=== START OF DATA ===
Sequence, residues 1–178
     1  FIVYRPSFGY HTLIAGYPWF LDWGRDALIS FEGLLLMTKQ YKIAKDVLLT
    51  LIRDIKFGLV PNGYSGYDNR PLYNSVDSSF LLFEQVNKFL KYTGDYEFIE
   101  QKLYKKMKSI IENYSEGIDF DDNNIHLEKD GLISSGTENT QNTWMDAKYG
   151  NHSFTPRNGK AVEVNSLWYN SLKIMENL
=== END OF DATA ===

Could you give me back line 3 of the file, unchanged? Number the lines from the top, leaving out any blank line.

    51  LIRDIKFGLV PNGYSGYDNR PLYNSVDSSF LLFEQVNKFL KYTGDYEFIE